Throwing More Light on False Copyright Claims

by James F. Ramaley, Ph.D.

In "Examining False Copyright Claims" (RootsWeb Review 30 Nov. 2005), I urged the genealogical community to avoid the practice of placing copyright notices on works that are not eligible for copyright. See:

Reader comments and questions to that article fell into three categories:

  1. Exactly what is copyrightable in genealogy?
  2. How can a person protect against further copying of his or her work (copyrightable or not)? and
  3. What is the harm in inserting a copyright notice even if the work is not copyrightable?

Before commenting on these points, let me call attention to one of the most readable (and thin! -- just 58 pages) books that covers general U.S. copyright: It's "101 Questions about Copyright Law," by Andrew Alpern, (Dover Publishing, 1999). Although I got my copy at the Library of Congress bookstore, the paperback is widely available at a price of less than $5. Alpern is an architect and architectural historian who is also a practicing attorney in New York, specializing in intellectual property law. His book should be required reading for anyone who wishes to, or needs to, understand copyright.

Now to No. 1 point. It is important to restate the primary reason for copyright -- to spread knowledge. Copyright does this by protecting for an author the financial benefits that might be gained by copying his or her creative works for a limited period. The absolutely key criteria for any work to be copyrightable is that it must be ORIGINAL and CREATIVE.

Original means original with the author -- don't expect to copyright something that you have discovered and copied or heard from another party. Also, facts -- such as birth, marriage, or death dates -- are never original and are usually given as prime examples of non-copyrightable material.

Creative is more than a flowery description of facts. We recognize creativity in a new play or a new song but when we try to make our family histories more interesting by simply changing paragraph structure or by using various phrasing for "he died in 1839" we are not being creative -- in the legal sense.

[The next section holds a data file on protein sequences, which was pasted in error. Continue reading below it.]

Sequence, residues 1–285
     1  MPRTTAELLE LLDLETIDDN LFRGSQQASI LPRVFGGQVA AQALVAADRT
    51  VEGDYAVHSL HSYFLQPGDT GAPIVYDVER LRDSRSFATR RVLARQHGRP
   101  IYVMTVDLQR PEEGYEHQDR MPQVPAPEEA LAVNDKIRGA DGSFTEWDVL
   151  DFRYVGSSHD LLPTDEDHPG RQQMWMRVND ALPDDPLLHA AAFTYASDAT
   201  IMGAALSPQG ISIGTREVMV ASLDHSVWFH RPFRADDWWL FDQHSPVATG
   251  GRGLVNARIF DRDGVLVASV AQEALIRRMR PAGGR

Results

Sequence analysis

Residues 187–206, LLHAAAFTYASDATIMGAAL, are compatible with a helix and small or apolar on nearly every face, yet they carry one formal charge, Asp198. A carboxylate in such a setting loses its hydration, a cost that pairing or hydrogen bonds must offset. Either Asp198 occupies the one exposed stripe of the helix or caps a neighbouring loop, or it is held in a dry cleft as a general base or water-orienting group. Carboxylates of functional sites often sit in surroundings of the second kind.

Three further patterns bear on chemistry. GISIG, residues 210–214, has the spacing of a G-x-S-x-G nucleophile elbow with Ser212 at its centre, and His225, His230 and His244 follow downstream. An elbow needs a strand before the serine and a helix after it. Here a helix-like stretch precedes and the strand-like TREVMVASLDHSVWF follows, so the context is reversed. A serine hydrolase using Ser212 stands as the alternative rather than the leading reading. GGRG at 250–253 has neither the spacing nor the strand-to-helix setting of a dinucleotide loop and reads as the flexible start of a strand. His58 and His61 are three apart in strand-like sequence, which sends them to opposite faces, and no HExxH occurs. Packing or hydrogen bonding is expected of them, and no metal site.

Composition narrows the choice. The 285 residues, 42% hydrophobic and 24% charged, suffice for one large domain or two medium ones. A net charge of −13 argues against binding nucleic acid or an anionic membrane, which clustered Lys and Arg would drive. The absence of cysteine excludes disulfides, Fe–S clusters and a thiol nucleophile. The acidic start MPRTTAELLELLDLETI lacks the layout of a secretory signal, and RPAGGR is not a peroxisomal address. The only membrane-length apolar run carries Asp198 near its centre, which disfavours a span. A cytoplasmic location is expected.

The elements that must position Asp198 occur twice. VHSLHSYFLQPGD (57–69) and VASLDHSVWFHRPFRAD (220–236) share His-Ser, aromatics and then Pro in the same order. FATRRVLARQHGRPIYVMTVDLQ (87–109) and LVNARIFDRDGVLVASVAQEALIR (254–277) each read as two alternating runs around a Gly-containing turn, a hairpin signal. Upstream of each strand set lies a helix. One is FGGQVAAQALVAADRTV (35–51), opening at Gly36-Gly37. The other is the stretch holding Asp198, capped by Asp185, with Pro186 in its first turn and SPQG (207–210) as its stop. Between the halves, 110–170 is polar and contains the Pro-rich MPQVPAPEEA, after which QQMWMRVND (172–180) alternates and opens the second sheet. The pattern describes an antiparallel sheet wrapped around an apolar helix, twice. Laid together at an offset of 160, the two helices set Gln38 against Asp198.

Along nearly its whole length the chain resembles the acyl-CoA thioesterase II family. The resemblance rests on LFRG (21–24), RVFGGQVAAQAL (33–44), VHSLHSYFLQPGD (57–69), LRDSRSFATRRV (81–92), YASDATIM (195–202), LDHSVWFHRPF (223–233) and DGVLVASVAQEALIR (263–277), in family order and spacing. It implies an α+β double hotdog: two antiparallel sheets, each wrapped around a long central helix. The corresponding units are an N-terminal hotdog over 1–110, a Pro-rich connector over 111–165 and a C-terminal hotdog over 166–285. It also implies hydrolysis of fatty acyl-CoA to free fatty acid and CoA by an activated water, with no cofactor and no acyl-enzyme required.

In genealogy, most citations are to works that are in the public domain such as the factual material in an obituary or in a church registry. Such data is not subject to copyright and so only the CREATIVE text that is original with the author is copyrightable.

However, if you are preparing the "Definitive History of My Perfect Family in America", the entire book -- as a whole -- is copyrightable even if many of the citations and facts therein aren't. This means that you can't prevent people from copying any of the noncopyrightable material therein, but they can't (legally) copy or reprint your ENTIRE work without your explicit permission.

Since most amateur genealogists are usually interested in just getting the facts of their ancestry correct and sharing this information with other people researching their direct and/or connecting lines, this may be enough on the first point. For more on what is copyrightable, please see Alpern's book.

Point No. 2. Many who contacted me did so because they had had an unpleasant experience in which large sections of some genealogical work of theirs had been copied off their website, etc. and incorporated into someone else's genealogy -- without even the courtesy of an acknowledgement. They felt that the hard work they had done in assembling their history was unfairly taken and used by an uncaring cousin.

This is all too common. We amateur genealogists are driven neither by a profit motive nor did we start our hobby with a goal of becoming famous as a family historian. Generally we began our study to learn more about our ancestors' lives and to share this knowledge with others. But we are only human and become upset when our work and efforts are slighted. This upset is probably magnified in genealogy because our study of ancestors leads us to appreciate the legacy we have been given. We are quite willing to share with a newly found cousin, but if that person re-copies the facts we worked so hard to discover and fails to mention our help, we become irritated.

Ironically, a cause of the copier's failure to cite sources may stem from an implied threat of suing for "copyright infringement." Perhaps we would get better results if we replace the (usually false) copyright notice with something like: "You may use all data on this website but remember that genealogical work is always subject to revision. If you copy some of my material, your readers will appreciate a citation to my site so that they may see if my data has been updated." (And, of course, the "golden rule" of source citation requires that you cite your sources as you would have others cite you.)